with thanks to PP Møbler ......
This is an important and an angry statement by Arne Jacobsen and it suggests that by the 1930s he had become frustrated with the growing popularity for what he appears to see as a diluted and superficial approach to functionalism in architecture and the design of interiors . He is concerned, that Funkis is more concerned with style and fashion than rational architecture and did not reflect his own interest in the radical exploitation of new materials and new methods of construction.
In February 2014 the Danish Government set out a policy for architecture in Denmark in a well-illustrated publication with the title Putting people first. This is available on line in English and is important because it helps the visitor and architects and designers from other countries to understand why there is such a broad appreciation of good architecture in the country and why so much value is placed on an imaginative approach to the use and development of public space.
It is not a vague government promise of something that might or might not be done in the future but seems to reinforce and codify an attitude to the built environment in Denmark that has evolved and developed over many decades if not, in fact, over many centuries and it indicates a social and political context without which good architecture and good design could not be so strong or so important.
In the introduction is the crucial statement that:
“Danish architecture and design on all scales has helped shape our welfare society into a form that is characterized by humanism. The architecture reflects our democratic and transparent society. It binds us together and gives us an identity, both in local communities and nationally.”
Den Ny Bølge i Dansk Arkitektur, Khristoffer Lindhardt Weiss & Kjeld Vindum, Arkitektens Forlag (2012) - interview with Bjarke Ingels on page 46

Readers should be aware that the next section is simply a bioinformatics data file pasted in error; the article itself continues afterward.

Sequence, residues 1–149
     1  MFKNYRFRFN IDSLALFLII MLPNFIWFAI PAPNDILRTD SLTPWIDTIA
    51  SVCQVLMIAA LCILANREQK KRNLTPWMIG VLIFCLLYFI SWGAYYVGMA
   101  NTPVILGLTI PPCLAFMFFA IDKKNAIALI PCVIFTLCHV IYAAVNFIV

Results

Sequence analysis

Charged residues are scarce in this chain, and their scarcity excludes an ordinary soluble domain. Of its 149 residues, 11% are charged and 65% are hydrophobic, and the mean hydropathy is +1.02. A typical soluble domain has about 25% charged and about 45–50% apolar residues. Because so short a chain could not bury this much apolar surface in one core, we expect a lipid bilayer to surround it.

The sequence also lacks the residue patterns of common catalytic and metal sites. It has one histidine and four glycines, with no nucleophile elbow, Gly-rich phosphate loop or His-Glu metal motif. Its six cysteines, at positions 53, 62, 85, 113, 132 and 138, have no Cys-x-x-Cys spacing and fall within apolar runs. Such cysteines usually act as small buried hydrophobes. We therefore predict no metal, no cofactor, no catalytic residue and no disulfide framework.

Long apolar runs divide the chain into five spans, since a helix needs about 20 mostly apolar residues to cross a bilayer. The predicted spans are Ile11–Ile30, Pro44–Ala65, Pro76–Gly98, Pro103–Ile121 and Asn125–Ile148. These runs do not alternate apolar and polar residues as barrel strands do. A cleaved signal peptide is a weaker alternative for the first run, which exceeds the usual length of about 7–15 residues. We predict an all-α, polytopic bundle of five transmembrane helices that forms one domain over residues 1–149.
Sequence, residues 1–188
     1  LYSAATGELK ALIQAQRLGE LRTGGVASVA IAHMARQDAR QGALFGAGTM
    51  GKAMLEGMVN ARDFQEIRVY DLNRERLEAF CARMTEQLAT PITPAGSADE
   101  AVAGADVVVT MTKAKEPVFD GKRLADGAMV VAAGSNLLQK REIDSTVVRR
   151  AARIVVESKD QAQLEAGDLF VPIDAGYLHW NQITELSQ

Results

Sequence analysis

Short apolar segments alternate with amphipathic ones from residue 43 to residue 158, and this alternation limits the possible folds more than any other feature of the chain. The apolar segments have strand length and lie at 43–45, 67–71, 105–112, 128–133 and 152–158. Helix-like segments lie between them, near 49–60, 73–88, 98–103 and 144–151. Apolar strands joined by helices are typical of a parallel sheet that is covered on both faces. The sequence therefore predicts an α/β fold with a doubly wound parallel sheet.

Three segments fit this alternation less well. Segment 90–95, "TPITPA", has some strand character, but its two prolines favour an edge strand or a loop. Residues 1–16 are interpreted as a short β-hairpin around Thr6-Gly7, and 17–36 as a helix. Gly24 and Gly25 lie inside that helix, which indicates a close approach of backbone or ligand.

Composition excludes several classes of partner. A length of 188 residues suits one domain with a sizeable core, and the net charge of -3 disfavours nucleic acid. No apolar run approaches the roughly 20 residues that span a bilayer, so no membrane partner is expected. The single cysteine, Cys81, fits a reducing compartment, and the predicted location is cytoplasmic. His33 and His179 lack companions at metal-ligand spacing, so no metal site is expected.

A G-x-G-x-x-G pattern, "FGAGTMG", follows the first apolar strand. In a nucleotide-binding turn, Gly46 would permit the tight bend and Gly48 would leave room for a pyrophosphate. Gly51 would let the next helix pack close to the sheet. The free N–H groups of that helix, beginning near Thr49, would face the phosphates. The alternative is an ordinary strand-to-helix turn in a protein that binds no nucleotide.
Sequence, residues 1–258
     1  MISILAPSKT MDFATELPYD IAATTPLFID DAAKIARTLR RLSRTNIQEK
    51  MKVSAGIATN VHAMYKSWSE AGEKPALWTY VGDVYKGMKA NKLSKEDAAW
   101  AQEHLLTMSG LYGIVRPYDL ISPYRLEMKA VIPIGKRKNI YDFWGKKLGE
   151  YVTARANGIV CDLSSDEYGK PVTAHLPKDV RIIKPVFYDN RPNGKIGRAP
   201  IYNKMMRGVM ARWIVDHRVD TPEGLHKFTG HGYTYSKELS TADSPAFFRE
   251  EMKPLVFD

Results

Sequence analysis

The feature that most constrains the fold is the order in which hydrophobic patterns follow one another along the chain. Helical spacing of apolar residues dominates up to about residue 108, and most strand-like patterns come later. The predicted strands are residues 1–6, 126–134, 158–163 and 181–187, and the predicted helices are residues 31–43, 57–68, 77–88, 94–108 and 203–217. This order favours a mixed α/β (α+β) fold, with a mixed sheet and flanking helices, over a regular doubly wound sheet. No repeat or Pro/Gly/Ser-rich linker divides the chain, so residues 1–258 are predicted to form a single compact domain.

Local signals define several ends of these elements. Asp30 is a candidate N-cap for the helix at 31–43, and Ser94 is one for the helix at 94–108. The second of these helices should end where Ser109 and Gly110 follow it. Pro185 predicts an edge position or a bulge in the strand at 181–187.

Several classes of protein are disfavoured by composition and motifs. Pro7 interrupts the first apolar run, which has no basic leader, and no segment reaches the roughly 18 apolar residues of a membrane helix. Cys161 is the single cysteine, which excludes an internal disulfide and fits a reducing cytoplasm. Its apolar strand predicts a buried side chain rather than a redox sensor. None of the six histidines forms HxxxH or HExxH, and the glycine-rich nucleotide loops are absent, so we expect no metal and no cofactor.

Earlier this month I posted a short quote from Jonathan Ive talking about the design process. The film from Fritz Hansen I posted yesterday about the professional skills and effort needed to bring back into production the Drop Chair reminded me of another comment from Ive in that same interview with Time Magazine.
Clearly, the team from Fritz Hansen were driven by enthusiasm and conviction and by the professional challenge of this project and would probably only go as far as to claim that it was hard work and not actually painful but that does not diminish the importance of the point and a point that I have tried to emphasise several times in this blog: it is important for designers and manufacturers to explain to consumers the process of design and its importance … both creative or aesthetic design and technical or product design. Ultimately the quality of materials and the quality of production should be fairly obvious once the item is on display in the shop but the meticulous process of production design is less tangible and less obviously justified, to the buyer, looking at the price tag.
Ive was talking about copies of ideas or a specific design by rival companies undercutting the retail price and that does not apply to the Drop Chair where a company is reproducing it’s own earlier designs but if the Drop Chair is a success, and I am sure it will be, then without doubt cheaper imitations or variations will appear.
At least the film from Fritz Hansen goes a long way towards explaining why bringing back into production pieces from a back catalogue are not necessarily a cheap nor an easy option.